Learning how to forgive on Keating’s Absolution

By: Abby Jeffers

There is something aching about Columbus folk newcomer Keating’s debut EP, Absolution.

 Maddy Ciampa (bass), Dan Seibert (drums) and Jack Doran (piano and vocals) make up the new indie sound Keating is trying to produce on  Absolution . (Photo by Steven King)

Maddy Ciampa (bass), Dan Seibert (drums) and Jack Doran (piano and vocals) make up the new indie sound Keating is trying to produce on Absolution. (Photo by Steven King)

Whether it comes from frontman Jack Doran’s low, smooth vocals or the sweetly simple piano melodies, the five tracks have a melancholy tinge that fits nicely with the band’s folky alternative rock sound.

Absolution itself is related to amnesty and grace, and on Keating’s Bandcamp, the group claims that this EP was written over a five-year period of learning one of the most difficult lessons: mastering the art of self-forgiveness and working to move past the “anxiety ridden days” and “sleeping all day.”

Aside from a title that reflects the EP’s sentiment, even the music itself feels like mercy; simple instrumentation highlights the subtle lifts and fluid crooning of Doran’s vocals on the title track. It is peaceful and blue, painting a heart-aching watercolor of insecurity and anxiety with lyrics like, “And silence is a trip if you’re not caught up in your shit/Absolve it.”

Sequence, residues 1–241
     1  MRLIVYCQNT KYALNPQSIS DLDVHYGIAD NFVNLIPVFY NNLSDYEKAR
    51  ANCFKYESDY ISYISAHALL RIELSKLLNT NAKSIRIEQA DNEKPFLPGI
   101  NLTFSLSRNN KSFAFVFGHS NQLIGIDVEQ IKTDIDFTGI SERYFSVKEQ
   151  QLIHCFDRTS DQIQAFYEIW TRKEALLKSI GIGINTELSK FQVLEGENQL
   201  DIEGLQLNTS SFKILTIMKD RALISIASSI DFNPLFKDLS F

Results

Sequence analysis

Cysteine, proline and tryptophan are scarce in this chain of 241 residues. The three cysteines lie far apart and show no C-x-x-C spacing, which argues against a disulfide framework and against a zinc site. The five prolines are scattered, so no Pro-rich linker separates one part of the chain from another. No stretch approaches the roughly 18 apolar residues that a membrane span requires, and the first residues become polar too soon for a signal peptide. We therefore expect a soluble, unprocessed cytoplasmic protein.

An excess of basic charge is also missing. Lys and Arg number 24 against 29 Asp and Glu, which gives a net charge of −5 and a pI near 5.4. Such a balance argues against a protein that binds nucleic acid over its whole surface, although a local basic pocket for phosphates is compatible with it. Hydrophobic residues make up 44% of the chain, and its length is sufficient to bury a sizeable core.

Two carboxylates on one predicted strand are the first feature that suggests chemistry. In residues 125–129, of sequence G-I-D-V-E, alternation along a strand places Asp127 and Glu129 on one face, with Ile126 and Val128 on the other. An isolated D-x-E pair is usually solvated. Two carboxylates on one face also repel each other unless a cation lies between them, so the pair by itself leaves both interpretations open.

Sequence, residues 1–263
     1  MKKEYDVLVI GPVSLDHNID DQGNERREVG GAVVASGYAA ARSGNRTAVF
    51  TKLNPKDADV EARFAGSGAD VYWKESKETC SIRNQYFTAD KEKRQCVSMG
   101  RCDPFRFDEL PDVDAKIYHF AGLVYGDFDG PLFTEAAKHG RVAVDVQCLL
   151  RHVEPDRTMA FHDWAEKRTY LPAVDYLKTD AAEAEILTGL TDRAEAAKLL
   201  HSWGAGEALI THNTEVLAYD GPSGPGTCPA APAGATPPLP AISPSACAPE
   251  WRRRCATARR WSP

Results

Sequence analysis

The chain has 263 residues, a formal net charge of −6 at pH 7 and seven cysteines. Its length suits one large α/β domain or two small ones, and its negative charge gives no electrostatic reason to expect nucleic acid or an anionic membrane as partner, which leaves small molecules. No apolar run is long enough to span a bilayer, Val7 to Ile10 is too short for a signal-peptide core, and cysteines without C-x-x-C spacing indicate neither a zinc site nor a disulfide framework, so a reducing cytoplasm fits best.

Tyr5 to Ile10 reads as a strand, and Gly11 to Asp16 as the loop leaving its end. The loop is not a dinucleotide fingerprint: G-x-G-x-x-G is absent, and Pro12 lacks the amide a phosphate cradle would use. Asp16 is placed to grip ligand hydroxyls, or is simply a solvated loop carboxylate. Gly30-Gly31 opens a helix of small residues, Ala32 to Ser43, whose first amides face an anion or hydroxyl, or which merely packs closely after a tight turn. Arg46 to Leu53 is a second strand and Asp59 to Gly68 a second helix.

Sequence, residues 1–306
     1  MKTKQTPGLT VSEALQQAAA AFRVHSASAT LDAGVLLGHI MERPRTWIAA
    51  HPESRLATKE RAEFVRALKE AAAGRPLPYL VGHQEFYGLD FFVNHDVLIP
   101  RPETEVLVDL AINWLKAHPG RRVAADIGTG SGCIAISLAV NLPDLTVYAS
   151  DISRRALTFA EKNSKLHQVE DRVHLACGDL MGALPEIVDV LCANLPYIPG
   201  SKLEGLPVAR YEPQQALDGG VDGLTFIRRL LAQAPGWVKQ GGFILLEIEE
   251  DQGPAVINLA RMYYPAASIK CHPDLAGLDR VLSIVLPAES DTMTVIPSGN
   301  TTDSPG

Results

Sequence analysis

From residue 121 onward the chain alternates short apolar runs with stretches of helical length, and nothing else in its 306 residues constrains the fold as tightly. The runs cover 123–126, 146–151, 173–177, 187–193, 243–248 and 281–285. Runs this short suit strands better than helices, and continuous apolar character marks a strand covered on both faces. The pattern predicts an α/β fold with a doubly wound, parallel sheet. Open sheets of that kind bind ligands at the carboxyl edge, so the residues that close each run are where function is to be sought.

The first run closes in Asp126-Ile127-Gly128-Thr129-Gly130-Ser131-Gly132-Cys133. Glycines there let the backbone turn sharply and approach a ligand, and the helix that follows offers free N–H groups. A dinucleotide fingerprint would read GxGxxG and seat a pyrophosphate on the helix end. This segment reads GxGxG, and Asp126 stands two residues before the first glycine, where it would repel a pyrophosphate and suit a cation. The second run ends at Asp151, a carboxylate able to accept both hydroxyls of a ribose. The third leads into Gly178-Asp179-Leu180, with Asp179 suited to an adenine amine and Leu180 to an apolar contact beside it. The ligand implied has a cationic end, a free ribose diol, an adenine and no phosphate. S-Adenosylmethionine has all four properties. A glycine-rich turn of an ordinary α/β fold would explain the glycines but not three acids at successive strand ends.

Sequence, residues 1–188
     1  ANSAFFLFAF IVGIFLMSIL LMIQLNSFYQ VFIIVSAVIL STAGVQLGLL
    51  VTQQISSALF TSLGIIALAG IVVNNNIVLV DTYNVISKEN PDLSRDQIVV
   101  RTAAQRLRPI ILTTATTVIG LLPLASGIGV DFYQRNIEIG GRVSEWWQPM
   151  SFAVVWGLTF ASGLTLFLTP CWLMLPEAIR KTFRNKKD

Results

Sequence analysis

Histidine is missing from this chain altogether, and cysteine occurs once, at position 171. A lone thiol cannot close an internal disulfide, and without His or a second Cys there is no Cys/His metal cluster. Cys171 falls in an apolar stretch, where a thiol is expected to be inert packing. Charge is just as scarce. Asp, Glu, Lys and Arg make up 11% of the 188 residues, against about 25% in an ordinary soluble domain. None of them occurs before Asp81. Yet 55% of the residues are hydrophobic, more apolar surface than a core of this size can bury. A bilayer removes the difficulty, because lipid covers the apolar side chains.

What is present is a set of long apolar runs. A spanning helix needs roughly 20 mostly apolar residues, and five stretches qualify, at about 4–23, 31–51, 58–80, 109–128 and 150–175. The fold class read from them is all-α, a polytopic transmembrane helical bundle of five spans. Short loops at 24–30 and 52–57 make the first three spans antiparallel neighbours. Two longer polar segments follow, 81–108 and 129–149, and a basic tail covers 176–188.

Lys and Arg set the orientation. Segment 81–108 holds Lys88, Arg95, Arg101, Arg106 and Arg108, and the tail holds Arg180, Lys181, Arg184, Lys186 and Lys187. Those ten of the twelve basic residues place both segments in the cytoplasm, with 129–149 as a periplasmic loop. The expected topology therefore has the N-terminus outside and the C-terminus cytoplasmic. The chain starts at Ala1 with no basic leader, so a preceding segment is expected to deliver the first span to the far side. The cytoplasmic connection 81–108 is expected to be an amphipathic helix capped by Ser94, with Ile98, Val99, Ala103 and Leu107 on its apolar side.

Later, the band’s rhythm section–Maddy Ciampa on bass guitar and Dan Seibert playing percussion–energizes “Answers,” somehow maintaining a despondent feeling even with springy piano melodies and driving drums.

The EP rotates between passive and electrified after that. “The News” feels final, with a sticky-slow tempo and instruments tinkling sweetly in the background, but “When My Spirit Comes” is fiery and vaguely reminiscent of artists like Billy Joel, adding just a touch of grunge and edge to a jazzy progression.

The final track, “Future,” is the thickest of all. Lo-fi instrumentation and mildly fuzzy bass contrast well with the rest of the otherwise meandering EP, and lyrics such as, “But I can’t let you/Control my dreams/And I can’t let you/Control my seams,” add a bold touch.

Self-improvement is a constant process, and it never looks quite the same. On Absolution, its debut EP and only release thus far, Keating sets a strong tone of determination to grow, using a powerful blend of indie rock and folk music to communicate that it’s important to learn how to heal.